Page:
How to trace a java application through a connection pool using DBMS_MONITOR

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Much has been written on how to trace database sessions through a java application in all sort of different techniques.
Since Oracle 10g a new technique is added to the tracing stack: DBMS_MONITOR. This blog briefly describes with code examples
how you could use DBMS_MONITOR to trace database sessions via a web application, through a pooled connection....

 

So, why is there so much fuzz about tracing database sessions through a java application? In the old days, on client server applications
each user had his/her own databsae session. So, tracing a user was rather straight forward. When the DBA knew the user name, he/she knew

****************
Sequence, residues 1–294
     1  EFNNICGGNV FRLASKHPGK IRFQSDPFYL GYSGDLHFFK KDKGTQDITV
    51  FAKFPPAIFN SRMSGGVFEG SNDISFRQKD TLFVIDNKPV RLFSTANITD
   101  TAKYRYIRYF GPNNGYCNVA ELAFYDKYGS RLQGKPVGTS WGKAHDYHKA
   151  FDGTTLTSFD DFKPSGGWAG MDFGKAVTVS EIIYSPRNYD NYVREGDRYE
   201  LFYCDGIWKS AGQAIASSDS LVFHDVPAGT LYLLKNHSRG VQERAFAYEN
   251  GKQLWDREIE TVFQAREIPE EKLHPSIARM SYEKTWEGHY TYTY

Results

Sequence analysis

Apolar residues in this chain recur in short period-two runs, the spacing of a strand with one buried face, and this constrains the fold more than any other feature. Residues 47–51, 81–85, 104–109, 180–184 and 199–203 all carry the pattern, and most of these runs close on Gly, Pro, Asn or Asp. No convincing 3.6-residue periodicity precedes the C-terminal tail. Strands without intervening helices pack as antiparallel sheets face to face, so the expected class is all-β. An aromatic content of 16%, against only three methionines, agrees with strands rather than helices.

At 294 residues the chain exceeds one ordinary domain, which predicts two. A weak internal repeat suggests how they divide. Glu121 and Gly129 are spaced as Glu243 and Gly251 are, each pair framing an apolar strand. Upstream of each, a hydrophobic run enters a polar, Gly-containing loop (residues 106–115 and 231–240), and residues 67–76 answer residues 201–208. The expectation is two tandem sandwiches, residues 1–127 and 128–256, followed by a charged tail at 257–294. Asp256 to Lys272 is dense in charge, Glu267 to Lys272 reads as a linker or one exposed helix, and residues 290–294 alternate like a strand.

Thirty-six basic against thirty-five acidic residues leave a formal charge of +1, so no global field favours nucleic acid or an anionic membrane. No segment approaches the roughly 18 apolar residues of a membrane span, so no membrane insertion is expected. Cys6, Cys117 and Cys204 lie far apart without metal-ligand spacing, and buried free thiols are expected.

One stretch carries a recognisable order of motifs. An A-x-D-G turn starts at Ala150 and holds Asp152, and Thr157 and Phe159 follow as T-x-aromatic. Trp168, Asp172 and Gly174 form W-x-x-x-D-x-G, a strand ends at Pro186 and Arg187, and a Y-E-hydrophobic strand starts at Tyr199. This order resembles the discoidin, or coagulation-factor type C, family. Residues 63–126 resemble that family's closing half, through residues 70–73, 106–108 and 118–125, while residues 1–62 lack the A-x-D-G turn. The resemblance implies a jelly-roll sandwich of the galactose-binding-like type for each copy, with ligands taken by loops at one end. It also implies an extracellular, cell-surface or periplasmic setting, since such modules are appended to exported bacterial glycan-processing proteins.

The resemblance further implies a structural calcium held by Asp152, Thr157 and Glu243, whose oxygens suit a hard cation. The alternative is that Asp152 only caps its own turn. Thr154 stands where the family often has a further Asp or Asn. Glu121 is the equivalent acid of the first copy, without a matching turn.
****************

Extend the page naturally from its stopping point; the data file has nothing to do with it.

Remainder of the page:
what session to trace. However, a java application generally has a connection pool through with users are connected to a database,
so when you try to trace a session the old way, using alter session set trace=true, you will not only get a trace of that user, but a trace
of all users using that particular session in time. In addition, the trace of one user can get filed in multiple trace files, because
the user might switch from one connection to a different connection.

To overcome this issue, you must have an opportunity to trace multiple sessions belonging to the same user actions. Since Oracle 10g
you can use DBMS_MONITOR for the job at hand. Below is a short how-to. I’ve created an example where CLIENT-ID is used to collect all traces